We undertook this ethnographic project in order to better understand the culture surrounding Bubz and her viewers in view of online popularity. More specifically, it was our objective to address and help articulate the dynamics of YouTube’s beauty community and the core values guiding online practices. Because groups foster certain types of community-dependent ideal personas, it is relevant to note that “achievement that is considered sufficient to rightfully inhabit the micro-celebrity subject position is highly variable and context dependent” (Marwick 2013a: 135). Therefore, we sought to shed light into the politics of success of this particular community. In the case of YouTube’s beauty community, the right to self-branding is awarded only to those considered “real”, honest, hard-working, talented and inherently “deserving” gurus (see also García-Rapp, 2017). While YouTube expects gurus to perform a carefully monitored, business-oriented, online persona, the community of pairs and viewers expects them to always be reachable, trustworthy, honest, and authentic. This implies in daily practice that she needs to manage with care the opinions she shares so as not to damage her reputation in the eyes of advertisers, while being relatable and close to her viewers.
As a “subcultural celebrity” (Hills 2006: 103), Bubz grows from her niche community to actively perform not only consumerism but celebrity. Thanks to the blend enabled by her tutorials and vlogs, legitimized, and accepted by the viewers, she continues working on her external, commercially oriented positioning and value by uploading more tutorials. She gains recognition through her informational tutorials and achieves the strongest sense of connection through her vlogs, which not only sustain and renews viewers’ interest but also re-signify her condition of “ordinary” relatability (García-Rapp, 2017). By doing this, her vlogs confirm and legitimate (Dyer, 1998; Tolson, 2010) her subject position as a renowned personality, a YouTube celebrity.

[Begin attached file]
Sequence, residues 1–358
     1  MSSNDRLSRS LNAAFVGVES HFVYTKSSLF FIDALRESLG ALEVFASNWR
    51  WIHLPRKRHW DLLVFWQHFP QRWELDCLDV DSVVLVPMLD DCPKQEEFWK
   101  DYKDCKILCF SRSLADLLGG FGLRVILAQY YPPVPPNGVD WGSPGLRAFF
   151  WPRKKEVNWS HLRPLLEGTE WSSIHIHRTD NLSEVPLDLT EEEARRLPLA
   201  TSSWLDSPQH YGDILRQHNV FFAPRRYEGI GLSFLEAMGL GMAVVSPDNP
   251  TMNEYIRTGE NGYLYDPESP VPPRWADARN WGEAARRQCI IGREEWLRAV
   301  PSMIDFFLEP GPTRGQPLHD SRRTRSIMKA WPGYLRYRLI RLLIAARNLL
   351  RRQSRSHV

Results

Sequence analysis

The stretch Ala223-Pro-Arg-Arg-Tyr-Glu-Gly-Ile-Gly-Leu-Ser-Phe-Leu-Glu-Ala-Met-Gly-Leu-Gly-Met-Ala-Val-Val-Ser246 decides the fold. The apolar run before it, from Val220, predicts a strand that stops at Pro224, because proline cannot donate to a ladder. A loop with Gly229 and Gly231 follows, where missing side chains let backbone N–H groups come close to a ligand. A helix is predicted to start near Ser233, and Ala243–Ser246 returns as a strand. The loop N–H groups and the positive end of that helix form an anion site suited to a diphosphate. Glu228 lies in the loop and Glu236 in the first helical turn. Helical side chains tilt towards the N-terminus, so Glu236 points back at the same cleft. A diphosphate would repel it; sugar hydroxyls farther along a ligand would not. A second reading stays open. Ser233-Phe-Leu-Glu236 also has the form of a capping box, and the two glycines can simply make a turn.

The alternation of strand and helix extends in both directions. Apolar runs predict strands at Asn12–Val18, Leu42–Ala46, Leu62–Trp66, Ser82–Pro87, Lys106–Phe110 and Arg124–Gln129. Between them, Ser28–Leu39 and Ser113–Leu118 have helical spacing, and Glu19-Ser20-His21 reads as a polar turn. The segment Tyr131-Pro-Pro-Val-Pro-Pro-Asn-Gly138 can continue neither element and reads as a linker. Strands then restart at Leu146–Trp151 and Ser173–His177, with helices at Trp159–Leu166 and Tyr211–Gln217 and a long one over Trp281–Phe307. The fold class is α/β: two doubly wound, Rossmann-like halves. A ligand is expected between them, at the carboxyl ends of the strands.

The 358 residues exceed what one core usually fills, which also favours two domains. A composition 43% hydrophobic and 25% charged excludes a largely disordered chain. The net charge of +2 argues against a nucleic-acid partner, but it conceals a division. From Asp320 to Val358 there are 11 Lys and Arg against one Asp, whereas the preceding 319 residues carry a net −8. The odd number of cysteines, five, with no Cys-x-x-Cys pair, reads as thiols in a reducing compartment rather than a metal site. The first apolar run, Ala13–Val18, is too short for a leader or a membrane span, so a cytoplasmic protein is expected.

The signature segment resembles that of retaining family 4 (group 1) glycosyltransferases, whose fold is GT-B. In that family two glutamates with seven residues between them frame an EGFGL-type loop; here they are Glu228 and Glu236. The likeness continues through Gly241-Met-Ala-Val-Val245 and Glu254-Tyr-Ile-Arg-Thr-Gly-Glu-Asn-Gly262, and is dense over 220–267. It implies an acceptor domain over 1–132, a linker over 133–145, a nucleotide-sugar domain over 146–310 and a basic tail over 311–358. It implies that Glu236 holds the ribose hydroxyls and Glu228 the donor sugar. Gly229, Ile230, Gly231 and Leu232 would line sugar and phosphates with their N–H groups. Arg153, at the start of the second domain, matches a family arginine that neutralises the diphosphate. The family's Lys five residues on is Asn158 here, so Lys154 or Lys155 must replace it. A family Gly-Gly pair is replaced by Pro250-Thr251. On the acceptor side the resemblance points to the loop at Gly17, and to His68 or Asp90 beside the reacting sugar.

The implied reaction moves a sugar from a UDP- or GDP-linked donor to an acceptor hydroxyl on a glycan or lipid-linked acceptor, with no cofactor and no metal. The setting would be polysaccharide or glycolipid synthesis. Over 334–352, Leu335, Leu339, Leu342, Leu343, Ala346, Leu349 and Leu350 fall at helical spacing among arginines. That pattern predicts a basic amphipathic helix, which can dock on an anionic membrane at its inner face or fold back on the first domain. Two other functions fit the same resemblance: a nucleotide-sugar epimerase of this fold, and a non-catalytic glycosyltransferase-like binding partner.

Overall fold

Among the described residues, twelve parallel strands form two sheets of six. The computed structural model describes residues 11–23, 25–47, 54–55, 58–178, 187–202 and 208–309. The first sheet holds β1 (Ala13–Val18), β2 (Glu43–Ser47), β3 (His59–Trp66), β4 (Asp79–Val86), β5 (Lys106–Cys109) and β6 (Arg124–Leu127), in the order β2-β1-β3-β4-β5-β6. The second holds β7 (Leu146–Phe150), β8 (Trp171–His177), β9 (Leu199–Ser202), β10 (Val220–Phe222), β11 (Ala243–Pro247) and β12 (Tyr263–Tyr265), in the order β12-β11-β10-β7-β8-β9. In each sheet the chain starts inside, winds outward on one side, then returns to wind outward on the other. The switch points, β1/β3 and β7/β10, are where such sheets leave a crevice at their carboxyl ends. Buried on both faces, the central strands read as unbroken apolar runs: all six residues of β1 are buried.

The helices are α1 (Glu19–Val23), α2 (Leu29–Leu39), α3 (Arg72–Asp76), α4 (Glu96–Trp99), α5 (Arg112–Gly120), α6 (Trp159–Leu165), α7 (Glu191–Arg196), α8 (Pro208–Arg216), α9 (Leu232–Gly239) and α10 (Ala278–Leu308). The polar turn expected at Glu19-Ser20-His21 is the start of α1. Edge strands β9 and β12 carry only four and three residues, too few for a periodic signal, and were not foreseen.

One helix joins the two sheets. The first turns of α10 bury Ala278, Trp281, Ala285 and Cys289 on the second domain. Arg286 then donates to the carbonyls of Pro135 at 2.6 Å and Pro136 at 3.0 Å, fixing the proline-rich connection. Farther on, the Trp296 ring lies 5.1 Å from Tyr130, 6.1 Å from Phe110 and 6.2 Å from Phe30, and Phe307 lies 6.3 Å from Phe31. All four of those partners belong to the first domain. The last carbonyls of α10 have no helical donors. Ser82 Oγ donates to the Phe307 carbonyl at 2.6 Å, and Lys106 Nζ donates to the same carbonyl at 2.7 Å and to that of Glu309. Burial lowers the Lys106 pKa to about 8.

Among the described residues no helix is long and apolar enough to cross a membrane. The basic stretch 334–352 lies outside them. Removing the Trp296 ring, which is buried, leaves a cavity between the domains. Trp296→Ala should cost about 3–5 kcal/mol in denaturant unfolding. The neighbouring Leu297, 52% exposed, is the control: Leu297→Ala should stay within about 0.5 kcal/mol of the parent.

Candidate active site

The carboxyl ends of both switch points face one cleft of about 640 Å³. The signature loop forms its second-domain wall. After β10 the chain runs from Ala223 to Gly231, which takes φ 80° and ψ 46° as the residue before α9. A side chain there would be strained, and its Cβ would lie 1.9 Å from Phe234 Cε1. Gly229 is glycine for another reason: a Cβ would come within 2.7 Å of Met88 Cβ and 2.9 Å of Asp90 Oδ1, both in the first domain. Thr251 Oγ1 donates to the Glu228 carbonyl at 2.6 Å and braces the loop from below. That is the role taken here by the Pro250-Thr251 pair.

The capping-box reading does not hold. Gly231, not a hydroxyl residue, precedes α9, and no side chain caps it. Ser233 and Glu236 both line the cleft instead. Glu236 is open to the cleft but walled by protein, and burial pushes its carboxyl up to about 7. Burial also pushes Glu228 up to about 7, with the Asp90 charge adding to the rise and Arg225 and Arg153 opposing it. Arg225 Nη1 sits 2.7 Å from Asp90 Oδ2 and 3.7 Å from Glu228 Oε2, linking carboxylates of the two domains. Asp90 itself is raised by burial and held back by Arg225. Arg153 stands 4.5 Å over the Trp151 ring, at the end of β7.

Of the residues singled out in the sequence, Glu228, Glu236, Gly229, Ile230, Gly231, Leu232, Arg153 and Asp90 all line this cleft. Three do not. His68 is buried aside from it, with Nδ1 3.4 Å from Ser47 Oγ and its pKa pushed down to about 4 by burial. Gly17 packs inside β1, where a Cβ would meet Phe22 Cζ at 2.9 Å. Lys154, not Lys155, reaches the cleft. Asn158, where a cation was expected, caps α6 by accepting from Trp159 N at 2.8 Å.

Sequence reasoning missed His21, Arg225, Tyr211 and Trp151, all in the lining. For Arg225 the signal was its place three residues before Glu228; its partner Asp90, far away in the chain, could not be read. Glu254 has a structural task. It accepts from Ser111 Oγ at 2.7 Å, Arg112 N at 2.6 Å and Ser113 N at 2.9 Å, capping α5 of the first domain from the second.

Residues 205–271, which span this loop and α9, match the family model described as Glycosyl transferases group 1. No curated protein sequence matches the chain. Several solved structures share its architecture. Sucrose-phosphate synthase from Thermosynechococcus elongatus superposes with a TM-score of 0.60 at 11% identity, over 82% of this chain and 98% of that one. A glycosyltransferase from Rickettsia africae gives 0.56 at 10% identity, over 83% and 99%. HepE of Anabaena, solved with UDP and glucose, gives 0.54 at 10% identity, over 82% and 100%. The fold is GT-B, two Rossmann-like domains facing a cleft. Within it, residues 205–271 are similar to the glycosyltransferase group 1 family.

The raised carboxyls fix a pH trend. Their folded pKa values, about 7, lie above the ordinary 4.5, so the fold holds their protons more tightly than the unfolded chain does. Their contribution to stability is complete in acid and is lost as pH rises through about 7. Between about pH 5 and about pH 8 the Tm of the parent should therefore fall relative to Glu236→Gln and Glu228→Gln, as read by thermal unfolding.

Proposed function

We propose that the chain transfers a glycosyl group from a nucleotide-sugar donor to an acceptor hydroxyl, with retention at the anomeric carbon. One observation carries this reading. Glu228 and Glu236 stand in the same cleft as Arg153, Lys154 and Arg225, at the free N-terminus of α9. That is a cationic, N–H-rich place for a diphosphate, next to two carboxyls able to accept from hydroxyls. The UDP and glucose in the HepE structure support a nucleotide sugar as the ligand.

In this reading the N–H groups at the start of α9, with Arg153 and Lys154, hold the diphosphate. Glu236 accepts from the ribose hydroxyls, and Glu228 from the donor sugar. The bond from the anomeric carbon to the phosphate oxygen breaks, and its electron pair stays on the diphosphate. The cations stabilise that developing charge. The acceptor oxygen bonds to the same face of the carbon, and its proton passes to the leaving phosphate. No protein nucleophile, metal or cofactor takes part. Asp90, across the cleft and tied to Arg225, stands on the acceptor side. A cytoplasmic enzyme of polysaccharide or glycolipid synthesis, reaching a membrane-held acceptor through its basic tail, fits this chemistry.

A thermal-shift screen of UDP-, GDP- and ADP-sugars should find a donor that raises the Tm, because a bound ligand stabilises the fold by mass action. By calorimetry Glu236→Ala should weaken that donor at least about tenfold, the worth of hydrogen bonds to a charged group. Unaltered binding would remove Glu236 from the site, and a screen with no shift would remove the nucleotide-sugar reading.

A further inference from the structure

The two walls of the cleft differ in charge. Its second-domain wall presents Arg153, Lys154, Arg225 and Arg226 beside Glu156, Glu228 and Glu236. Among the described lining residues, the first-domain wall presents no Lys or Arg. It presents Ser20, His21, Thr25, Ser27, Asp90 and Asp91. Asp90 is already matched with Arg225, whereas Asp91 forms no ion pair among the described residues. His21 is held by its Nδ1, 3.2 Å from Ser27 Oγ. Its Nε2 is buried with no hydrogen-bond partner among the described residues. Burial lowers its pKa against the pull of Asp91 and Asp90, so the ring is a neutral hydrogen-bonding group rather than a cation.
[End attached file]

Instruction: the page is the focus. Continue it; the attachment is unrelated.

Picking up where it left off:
About the authors
Florencia García-Rapp is is Lecturer in Media Audiences and Users at the University of Sheffield (Journalism Department). She was awarded a PhD in Communication by Pompeu Fabra University. She holds a Master’s Degree in Media Culture from Paderborn University and a Degree in Audiovisual Communication. Her research interests lie at the intersections of digital and celebrity culture with audience and fandom research.
Dr. Carles Roca-Cuberes is a Lecturer in the Department of Communication, Universitat Pompeu Fabra, Spain, where he teaches communication theory and social research methods. He obtained his Ph.D. in sociology from the University of Manchester (U.K.). He has published in the areas of interpersonal and mediated communication, and education.
How virtual reality can be used to create peace
In March 2018 Mensen met een Missie and Hack the Planet released a film called: ‘Meet the Soldier’. However, this film is no ordinary film; it is a virtual reality film. By using this new technology it was possible to let two rival tribe leaders experience each other’s worlds in VR. Could this be a big step towards peace?
We interviewed Rick van der Woud, director of Mensen met een Missie. We asked him about Meet the Soldier and the potential of virtual reality.
What is ‘Mensen met een Missie’?
Rick: ‘The roots of Mensen met een Missie (People with a Mission) go back about 90 years ago. An organization – then with another name - was founded to support the mission of Dutch catholic congregations. Over the years Mensen met een Missie has evolved. We are now an organization of international cooperation and solidarity, focused on small scale, local community building, especially in regions prone to conflict. We support people through supporting community leaders. Leaders who are brave enough to stand for the rights of their people. Leaders who make sure that their people are involved in decision making processes that affect their lives.